Kajderowicz's journey as a neuroscientist began at Harvard Medical School in Professor Connie Cepko's lab, where she studied the developmental trajectory of a population of retinal interneurons. "Learning how to identify cell signatures was a fascinating introduction to the complexity of life. But I ultimately realized I wanted to pursue the questions that kept me up at night — both how we process information and how and why these processes change during aging. For me, these are life's biggest unanswered questions, and I believe neuroscience is the foundation for everything. This led me to MIT's Department of Brain and Cognitive Sciences."
Learning from hamsters
Kajderowicz applied and was admitted to over two dozen graduate programs — "but I knew I wanted to go to MIT BCS. That was a no-brainer," she says. "The department has faculty members in all levels of neuroscience: the cellular and molecular, systems, computational, and cognitive levels. It's amazing to have all these people under one roof."
Shortly after starting her graduate work at MIT, Kajderowicz realized she wanted to focus on the cellular level. "I think it's important first to understand how things work within cells before focusing on function and systems." She also seeks a translational avenue connecting theory and therapy, bridging the gap between basic science and applied treatment.
Kajderowicz found what she sought at the Whitehead Institute's Hrvatin Lab and Weissman Lab. "It's truly unique to have access to two very different communities at MIT. In BCS, I am seen as a biologist, while at the Whitehead Institute, I am more of a neuroscientist. It's great having folks from different training backgrounds challenging my ideas and work."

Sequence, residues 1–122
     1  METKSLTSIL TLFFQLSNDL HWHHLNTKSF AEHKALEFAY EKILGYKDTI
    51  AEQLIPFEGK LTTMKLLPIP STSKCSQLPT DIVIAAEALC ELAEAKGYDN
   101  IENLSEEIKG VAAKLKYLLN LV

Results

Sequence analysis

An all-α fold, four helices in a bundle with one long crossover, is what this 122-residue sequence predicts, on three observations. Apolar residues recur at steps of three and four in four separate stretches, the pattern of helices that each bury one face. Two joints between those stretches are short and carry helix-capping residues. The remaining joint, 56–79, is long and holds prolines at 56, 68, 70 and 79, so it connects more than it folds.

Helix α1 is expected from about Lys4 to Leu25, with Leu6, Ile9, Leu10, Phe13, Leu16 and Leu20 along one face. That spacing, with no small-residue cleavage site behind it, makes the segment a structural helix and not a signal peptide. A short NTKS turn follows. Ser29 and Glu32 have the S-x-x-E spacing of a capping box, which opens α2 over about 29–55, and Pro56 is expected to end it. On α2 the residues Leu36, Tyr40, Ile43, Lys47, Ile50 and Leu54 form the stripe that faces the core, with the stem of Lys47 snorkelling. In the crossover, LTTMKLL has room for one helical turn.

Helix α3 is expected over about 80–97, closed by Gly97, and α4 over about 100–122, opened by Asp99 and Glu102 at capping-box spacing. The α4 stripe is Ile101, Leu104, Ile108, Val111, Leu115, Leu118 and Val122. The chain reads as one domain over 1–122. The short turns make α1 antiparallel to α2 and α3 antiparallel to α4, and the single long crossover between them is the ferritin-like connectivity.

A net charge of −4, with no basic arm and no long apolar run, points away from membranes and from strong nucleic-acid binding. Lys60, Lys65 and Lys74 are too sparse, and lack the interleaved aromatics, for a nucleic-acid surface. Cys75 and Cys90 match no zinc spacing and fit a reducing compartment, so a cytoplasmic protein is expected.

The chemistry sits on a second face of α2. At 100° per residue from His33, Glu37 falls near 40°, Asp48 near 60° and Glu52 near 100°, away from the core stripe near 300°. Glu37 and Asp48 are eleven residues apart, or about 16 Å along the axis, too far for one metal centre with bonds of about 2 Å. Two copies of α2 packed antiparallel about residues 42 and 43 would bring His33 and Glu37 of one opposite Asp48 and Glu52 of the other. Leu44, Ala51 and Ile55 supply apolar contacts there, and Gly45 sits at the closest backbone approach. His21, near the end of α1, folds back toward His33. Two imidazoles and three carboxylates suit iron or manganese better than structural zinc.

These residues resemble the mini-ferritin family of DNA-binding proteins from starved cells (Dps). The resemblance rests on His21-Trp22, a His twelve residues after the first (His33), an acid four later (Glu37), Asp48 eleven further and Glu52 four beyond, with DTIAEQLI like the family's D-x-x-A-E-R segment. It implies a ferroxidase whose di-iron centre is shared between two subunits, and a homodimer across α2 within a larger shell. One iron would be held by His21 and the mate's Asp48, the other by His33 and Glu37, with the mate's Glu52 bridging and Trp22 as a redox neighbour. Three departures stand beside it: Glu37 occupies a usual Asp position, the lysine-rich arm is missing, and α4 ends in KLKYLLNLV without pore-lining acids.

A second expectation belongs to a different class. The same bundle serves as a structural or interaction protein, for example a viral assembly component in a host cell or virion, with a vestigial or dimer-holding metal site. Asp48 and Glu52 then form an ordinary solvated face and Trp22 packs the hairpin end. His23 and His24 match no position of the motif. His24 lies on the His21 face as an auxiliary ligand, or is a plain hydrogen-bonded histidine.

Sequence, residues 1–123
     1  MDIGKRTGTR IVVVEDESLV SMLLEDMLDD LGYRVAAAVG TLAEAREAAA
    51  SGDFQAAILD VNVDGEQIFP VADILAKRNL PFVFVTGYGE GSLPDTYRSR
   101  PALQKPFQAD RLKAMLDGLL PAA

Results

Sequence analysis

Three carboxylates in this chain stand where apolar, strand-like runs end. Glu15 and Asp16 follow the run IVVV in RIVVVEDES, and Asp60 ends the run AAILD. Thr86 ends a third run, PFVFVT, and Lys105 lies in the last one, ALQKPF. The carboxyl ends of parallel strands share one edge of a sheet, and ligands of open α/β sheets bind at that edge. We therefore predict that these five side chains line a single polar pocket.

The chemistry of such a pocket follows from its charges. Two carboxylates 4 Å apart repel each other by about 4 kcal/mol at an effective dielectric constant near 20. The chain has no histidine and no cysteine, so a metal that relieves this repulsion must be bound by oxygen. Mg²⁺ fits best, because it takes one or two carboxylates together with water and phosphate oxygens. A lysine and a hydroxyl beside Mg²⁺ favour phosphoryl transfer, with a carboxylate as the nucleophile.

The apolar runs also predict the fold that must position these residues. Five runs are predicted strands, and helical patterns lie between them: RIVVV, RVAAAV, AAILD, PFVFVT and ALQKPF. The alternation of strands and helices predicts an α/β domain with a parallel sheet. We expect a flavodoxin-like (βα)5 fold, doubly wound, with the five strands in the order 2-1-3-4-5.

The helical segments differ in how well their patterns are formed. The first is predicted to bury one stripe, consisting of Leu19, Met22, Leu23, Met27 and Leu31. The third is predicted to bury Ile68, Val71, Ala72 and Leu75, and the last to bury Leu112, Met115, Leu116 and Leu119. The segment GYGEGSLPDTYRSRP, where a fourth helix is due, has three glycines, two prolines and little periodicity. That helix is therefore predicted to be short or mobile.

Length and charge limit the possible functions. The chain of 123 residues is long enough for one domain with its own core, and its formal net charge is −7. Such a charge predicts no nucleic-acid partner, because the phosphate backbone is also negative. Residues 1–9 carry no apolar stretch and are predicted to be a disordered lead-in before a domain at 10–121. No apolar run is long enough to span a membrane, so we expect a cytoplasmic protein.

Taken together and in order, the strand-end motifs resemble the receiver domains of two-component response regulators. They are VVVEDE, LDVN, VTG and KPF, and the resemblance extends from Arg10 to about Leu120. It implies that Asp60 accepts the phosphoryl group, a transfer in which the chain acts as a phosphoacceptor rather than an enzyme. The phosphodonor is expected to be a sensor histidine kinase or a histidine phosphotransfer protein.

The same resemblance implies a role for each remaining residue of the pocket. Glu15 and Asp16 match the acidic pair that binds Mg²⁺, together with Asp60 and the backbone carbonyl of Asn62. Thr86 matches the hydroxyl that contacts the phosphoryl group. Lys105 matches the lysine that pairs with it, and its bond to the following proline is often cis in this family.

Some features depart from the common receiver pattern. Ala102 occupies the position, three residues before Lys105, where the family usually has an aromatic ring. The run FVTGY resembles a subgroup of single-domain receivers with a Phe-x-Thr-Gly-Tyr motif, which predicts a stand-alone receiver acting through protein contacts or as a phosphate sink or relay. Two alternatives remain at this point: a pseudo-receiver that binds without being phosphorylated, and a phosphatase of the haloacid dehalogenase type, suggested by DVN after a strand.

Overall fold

Instead of working directly on how cognition is encoded at the cellular level, Kajderowicz decided to embark on a project that would allow her to figure out how different species survive extreme stressors and environments. She is now developing tools to study cold tolerance across several species on the cellular level.
"Hibernating hamsters can safely endure prolonged durations during which their body temperature drops to 4 degrees [Celsius]. By taking a comparative species approach, I want to identify whether hibernators are uniquely genetically programmed to withstand these conditions or whether non-hibernators don't activate these genetic pathways," she says. Next, Kajderowicz hopes to figure out how to transfer or activate cold-protective effects to human cells and, someday, whole humans. While she isn't directly studying the root of cognition, she hopes her research will help maintain or enhance cognitive functioning throughout aging by pushing the boundaries of the types of medicines and therapeutics available.
Building a scientific community
Kajderowicz's involvement in the scientific community extends beyond her immediate work. At the height of the pandemic, she initiated a digital platform facilitating conversations on biotechnology trends among researchers, biotech professionals, venture capitalists, and others interested in staying updated on cutting-edge developments. Known as "DNA Deviants," the community she built consists of several thousand active members on several social media platforms.
"It started with an informal journal club I had with some friends, where we would meet over coffee and discuss new papers. Then, when the pandemic shut down everything, I started a real-time podcast on the Clubhouse app with a friend, discussing emerging biotech trends. Eventually, it became an online journal club, and people just kept joining. We got experts to serendipitously join conversations within their realm of expertise from around the world." Today, almost a dozen PhD, MD-PhD, and motivated undergraduates worldwide take turns leading conversations with different paper authors.
"It's been incredibly rewarding to remain connected not only to my work, but also to gain a comprehensive understanding of what's happening in the world," Kajderowicz says. "You always need to look beyond your immediate circle."